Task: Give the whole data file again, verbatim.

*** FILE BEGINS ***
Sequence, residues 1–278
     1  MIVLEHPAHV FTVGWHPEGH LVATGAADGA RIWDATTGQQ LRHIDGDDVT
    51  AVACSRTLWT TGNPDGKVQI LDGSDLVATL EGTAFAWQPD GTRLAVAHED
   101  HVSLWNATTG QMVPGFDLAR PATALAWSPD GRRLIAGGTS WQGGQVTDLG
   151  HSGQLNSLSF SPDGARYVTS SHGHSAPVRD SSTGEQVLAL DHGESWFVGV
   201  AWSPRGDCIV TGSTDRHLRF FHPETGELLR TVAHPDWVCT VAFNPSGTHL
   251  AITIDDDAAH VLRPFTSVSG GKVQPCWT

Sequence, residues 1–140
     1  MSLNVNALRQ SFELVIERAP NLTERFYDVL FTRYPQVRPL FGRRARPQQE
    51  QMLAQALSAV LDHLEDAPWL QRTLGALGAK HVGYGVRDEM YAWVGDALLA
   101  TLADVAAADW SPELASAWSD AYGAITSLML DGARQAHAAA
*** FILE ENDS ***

Sequence, residues 1–278
     1  MIVLEHPAHV FTVGWHPEGH LVATGAADGA RIWDATTGQQ LRHIDGDDVT
    51  AVACSRTLWT TGNPDGKVQI LDGSDLVATL EGTAFAWQPD GTRLAVAHED
   101  HVSLWNATTG QMVPGFDLAR PATALAWSPD GRRLIAGGTS WQGGQVTDLG
   151  HSGQLNSLSF SPDGARYVTS SHGHSAPVRD SSTGEQVLAL DHGESWFVGV
   201  AWSPRGDCIV TGSTDRHLRF FHPETGELLR TVAHPDWVCT VAFNPSGTHL
   251  AITIDDDAAH VLRPFTSVSG GKVQPCWT

Sequence, residues 1–140
     1  MSLNVNALRQ SFELVIERAP NLTERFYDVL FTRYPQVRPL FGRRARPQQE
    51  QMLAQALSAV LDHLEDAPWL QRTLGALGAK HVGYGVRDEM YAWVGDALLA
   101  TLADVAAADW SPELASAWSD AYGAITSLML DGARQAHAAA